“She can barely type.”
I had to see the pharmacist himself because her meds are a controlled substance. I was sorely tempted to ask the following question: “If I chose NOT to give this pill to a 12 pound dog to control her seizures for half a day, what WOULD I use it for?”
I DID ask, “Not that I’m stockpiling, but when is the next time I can pick up this script?”
October 13. I picked it up yesterday, September 16. The script is for 60 pills, 2 a day, which means I have roughly 3 days a month to pick up her meds before she runs out.
Phenobarbital is a downer (as far as I know.) It says on the bottle that if I take too many of them, I may stop breathing. I am fond of breathing. It’s been a problem for me, from time to time, and it is highly unlikely I would recreationally suffocate myself. And yes, I get it–I live in a big, bad, dangerous world where certain substances must be controlled for my own good. Like, oh, say…the meds I used to take for my allergies, before some chemical wizard discovered he could combine it with fertilizer, arsenic and rubbing alcohol to make my teeth rot. So I want to just say this and get it off my chest: it takes four times the effort, energy and determination to pick up one med for a twelve-pound dog than it takes for me to maintain multiple meds for COPD, A-fib, allergies and GERD. And with one possible exception (which is not a controlled substance) none of those meds are as critical to my health as Daisy’s one little pill.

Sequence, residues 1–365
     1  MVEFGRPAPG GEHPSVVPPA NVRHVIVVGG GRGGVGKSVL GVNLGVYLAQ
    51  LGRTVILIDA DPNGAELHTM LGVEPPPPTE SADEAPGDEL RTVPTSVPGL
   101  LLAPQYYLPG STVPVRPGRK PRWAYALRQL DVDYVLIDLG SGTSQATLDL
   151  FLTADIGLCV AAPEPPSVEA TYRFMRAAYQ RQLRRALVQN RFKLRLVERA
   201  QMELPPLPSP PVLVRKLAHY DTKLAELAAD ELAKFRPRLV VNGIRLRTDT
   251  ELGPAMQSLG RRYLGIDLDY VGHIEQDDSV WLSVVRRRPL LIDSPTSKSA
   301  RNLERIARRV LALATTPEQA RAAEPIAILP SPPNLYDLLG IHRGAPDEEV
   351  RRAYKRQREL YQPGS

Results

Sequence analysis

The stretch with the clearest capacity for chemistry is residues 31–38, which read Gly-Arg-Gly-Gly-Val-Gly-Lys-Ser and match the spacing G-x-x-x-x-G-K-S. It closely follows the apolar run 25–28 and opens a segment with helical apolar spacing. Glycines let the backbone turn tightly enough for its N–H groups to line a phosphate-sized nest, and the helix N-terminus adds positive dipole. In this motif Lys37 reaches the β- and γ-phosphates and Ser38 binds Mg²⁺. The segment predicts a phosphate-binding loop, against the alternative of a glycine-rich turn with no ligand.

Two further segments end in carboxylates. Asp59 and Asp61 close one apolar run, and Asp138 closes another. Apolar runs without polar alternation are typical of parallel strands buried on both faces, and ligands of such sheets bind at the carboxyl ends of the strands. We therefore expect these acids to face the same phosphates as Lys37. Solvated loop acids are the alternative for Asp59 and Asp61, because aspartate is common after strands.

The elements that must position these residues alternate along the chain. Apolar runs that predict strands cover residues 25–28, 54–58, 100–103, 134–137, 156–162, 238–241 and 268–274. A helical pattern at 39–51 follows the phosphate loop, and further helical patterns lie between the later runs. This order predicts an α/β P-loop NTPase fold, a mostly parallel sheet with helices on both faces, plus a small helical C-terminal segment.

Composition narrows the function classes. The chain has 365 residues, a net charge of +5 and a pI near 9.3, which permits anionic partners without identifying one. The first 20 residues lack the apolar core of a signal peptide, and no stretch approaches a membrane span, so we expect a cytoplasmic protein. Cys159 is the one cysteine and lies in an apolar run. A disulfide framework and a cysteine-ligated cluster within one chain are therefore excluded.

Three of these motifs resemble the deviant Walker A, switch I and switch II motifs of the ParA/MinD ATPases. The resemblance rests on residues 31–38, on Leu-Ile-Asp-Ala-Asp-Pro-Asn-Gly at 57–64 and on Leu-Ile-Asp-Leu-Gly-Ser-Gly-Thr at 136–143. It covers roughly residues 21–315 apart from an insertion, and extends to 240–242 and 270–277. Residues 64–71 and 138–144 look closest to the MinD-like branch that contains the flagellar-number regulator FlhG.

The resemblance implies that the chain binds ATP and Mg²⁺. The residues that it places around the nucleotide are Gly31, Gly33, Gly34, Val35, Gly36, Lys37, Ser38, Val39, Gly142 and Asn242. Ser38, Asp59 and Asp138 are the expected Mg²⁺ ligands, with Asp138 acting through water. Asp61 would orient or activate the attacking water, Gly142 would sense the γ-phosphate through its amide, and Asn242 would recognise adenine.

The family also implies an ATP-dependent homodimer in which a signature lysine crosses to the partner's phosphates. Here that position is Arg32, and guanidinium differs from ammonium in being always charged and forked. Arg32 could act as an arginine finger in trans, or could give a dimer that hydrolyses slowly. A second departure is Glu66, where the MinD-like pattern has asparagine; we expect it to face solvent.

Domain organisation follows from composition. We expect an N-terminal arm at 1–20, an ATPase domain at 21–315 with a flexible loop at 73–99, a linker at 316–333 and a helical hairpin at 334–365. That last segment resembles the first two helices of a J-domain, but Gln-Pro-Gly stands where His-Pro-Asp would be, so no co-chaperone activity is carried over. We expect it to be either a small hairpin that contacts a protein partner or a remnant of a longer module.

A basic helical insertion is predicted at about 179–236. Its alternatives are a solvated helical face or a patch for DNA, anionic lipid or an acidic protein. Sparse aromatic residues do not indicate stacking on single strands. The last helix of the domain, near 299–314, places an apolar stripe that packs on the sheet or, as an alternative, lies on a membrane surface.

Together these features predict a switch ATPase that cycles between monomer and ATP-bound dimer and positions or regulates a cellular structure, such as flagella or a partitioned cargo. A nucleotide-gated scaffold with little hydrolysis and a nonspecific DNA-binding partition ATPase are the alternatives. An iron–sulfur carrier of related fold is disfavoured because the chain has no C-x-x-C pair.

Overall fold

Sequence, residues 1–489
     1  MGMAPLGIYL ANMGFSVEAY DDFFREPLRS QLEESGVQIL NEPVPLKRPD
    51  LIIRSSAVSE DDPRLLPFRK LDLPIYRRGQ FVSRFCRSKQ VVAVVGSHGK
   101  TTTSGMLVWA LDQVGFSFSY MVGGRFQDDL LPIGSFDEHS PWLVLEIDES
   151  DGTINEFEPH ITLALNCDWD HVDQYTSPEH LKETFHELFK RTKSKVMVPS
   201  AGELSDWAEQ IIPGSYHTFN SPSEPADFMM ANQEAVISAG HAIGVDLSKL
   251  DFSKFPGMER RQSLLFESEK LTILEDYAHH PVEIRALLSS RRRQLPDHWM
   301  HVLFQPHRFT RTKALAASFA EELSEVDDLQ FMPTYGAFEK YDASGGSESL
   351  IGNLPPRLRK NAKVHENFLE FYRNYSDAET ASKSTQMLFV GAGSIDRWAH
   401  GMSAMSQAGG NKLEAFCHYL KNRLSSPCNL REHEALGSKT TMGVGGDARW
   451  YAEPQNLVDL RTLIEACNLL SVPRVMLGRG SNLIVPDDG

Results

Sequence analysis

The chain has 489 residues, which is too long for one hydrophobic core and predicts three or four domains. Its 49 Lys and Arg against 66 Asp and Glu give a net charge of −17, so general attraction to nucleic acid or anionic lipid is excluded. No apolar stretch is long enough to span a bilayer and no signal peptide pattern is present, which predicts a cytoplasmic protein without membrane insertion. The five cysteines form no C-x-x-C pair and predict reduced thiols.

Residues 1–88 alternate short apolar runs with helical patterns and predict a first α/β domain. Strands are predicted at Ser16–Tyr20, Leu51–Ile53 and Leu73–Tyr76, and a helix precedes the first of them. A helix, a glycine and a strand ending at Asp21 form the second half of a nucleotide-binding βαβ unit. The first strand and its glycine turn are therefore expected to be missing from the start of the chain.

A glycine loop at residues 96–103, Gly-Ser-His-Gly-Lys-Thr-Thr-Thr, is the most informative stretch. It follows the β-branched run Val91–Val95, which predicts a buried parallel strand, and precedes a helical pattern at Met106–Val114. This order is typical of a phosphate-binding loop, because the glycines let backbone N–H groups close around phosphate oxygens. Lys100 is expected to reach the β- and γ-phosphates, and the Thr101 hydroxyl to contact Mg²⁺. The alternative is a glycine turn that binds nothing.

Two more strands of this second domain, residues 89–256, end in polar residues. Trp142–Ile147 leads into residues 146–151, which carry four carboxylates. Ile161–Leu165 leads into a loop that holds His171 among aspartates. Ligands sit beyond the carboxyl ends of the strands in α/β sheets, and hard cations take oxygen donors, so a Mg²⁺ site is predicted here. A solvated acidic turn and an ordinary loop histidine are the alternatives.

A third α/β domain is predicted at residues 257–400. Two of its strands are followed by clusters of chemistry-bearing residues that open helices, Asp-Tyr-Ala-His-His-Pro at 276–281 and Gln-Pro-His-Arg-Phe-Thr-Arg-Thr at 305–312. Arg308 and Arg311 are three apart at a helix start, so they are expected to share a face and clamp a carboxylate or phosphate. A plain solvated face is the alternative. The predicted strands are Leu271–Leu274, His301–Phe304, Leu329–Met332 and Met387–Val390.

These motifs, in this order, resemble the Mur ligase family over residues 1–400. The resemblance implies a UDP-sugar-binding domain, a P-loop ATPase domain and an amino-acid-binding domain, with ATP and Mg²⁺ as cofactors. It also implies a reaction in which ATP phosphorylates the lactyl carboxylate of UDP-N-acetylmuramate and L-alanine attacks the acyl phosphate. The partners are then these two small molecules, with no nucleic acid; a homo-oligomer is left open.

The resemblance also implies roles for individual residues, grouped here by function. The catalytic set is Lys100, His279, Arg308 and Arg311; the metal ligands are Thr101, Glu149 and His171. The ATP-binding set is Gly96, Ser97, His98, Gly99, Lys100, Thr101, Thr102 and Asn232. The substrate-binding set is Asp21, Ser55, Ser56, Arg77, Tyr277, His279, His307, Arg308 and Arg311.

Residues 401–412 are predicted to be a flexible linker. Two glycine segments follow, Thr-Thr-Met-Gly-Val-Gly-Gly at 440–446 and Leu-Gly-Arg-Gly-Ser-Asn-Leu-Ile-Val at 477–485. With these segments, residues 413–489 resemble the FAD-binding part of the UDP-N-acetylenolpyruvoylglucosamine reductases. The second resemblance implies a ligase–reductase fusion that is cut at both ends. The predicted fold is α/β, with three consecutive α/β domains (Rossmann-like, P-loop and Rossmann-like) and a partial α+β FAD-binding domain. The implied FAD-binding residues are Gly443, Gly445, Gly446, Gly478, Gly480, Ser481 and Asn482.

For a dog.
Who bites, pees on the carpet and whose favorite place in the whole wild world is wrapped around the wheels of my computer chair.